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Traceability

Traceability

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Traceability

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  1. Traceability James D. Palmer Presented by: Megan Heffernan

  2. Agenda • What is traceability? • Why is traceability important? • How is traceability performed? • What tools perform traceability? • What is the future of traceability?

  3. Introduction • What makes a software project successful? • Meets stakeholder requirements • How can this be encouraged? • Traceability • Traceability in a nutshell • Shows forward and backward relationships linking requirements with design, implementation, test, and maintenance • Know reasoning for everything and how to test

  4. Why is Traceability Important? • Ensures that requirements are met • Understand relationship between requirements and the delivered system • Lowers risk • Creates an audit trail • Consistency • Control • Change • Development • Risk

  5. Problems with Traceability • Manual process • Viewed by developers as a low priority • Misunderstood • No single modeling method • Poor documentation

  6. When Does Traceability Occur? • Entire lifecycle!

  7. How is Tracing Performed? • Client gives developers rough requirements • Developers create system, hardware, and software requirements • Each element is given a unique identifier • Element – requirement, design attribute, test, etc • Linkages done manually and managed by a CASE tool • Traceability tables are made • Matrix

  8. Traceability Example • SRD – System Requirements Document • High level requirements • Done by stakeholders • SS – System Specification • More detailed requirements • Developer interpretation • Segments • More detailed portions of the SS • Includes design information

  9. Traceability Example System Requirements Document System Specification Interface Control Document Segment 2 Segment 1 Segment 3

  10. Traceability Example Traceability Matrix

  11. Traceability Management • Requirements are added/deleted/modified • Impact analysis • Trace changed • Continues through maintenance

  12. Traceability in a Perfect World • Steps • Identification of requirements • Architecture selection • Classification schema • Functions, Performance and Security • Translate into views • Allocation into schemas • Flow-down to design, code, and test • Entry into traceability database • Linkages • Management

  13. Traceability in the Real World • Labor Intensive • Classification schemas are frequently changed as requirements are allocated • Ensure that semantics and syntax are correct

  14. Semantics and Syntax • Semantics required to assure that a trace is used in context • Syntax required to assure that a trace goes to a specific word or phrase • Manual verification of outcomes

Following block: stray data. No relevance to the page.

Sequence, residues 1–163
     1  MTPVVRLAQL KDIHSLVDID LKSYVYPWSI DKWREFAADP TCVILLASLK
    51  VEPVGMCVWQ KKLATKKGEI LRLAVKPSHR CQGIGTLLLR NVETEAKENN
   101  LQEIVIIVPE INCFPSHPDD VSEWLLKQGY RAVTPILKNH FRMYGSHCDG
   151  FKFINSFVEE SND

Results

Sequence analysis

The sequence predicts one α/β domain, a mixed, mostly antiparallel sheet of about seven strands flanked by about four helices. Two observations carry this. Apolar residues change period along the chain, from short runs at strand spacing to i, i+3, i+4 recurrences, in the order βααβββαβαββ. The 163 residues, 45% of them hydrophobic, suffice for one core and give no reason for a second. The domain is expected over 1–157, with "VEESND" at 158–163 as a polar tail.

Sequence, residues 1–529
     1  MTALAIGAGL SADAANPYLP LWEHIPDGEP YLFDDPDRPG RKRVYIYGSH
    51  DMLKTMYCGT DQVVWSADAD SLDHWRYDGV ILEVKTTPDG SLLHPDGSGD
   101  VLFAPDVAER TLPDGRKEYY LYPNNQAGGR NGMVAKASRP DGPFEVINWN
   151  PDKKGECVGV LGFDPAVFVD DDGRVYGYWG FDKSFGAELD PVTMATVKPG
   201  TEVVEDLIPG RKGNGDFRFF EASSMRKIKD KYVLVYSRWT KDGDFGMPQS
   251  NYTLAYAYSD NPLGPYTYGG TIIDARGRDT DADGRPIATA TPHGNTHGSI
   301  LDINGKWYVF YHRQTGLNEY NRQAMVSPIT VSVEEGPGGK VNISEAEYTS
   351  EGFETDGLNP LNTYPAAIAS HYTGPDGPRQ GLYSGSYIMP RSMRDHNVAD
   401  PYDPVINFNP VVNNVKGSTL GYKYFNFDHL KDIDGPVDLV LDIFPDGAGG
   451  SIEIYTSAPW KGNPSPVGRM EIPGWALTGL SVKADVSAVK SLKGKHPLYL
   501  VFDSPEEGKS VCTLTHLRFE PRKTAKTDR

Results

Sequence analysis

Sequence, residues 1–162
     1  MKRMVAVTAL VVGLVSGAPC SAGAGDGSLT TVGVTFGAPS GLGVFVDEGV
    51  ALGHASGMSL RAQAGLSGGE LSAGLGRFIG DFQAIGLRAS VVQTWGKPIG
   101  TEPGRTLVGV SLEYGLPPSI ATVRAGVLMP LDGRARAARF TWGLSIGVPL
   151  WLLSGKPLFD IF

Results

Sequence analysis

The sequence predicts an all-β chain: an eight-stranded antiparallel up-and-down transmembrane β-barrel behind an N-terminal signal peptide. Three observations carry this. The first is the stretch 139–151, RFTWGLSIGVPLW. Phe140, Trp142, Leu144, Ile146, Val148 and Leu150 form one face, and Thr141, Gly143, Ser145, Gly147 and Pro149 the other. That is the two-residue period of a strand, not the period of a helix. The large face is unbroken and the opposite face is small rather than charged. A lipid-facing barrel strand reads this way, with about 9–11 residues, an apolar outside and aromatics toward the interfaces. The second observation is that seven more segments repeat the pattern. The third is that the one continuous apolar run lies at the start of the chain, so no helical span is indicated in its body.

15. Real World Traceability Workflow • Receipt of requirements documents • Select architecture form to be followed • Select classification schema • Parse document and assign unique numbers • Allocate according to classification scheme • Establish linkages across all requirements • Generate traceability matrices • Maintain traceability linkages in database • Maintain traceability links across entire project

  16. Return on Investment • Very difficult to measure • Many factors • Costs • Time • CASE Tools • Training • Benefits • ??? • Only an estimation • What rework was avoided?

  17. Tools • CASE Tools • Characteristics • Hypertext linking • Unique identifiers • Syntactical similarity coefficients • Problems • Hypertext linking and syntactical similarity does not consider context • Unique identifiers do not show requirement information • Choosing architecture view and classification schemas will always be manual

  18. Tools • DOORS • Telelogic • “capture, link, trace, and manage” • For large applications • From the datasheet • Similar look and feel to explorer • Gap analysis for unaddressed requirements • Traceability analysis for identifying areas of risk • Impact analysis reports • Volatility • Traceability by drag and drop

  19. DOORS

  20. DOORS

  21. Tools • Caliber-RM • Borland • From the datasheet • Centralized repository • Requirements traceability across the lifecycle • Impact analysis

  22. CaliberRM

  23. CaliberRM

  24. Future Predictions • Automation of allocation into architectures and classification schemas • Little additional automation seen in current tools • AIRES (Automated Integrated Requirements Engineering System) • Center for Software Systems Engineering at George Mason University • Relies heavily of semantics and syntax

  25. Pros/Cons • Pros • Clearly reflected traceability importance and need • Practical workflow • Cons • Examples did not reflect lifecycle • Little practicality with tools

  26. Agenda Revisited • What is traceability? • Why is traceability important? • How is traceability performed? • What tools perform traceability? • What is the future of traceability?

  27. Questions?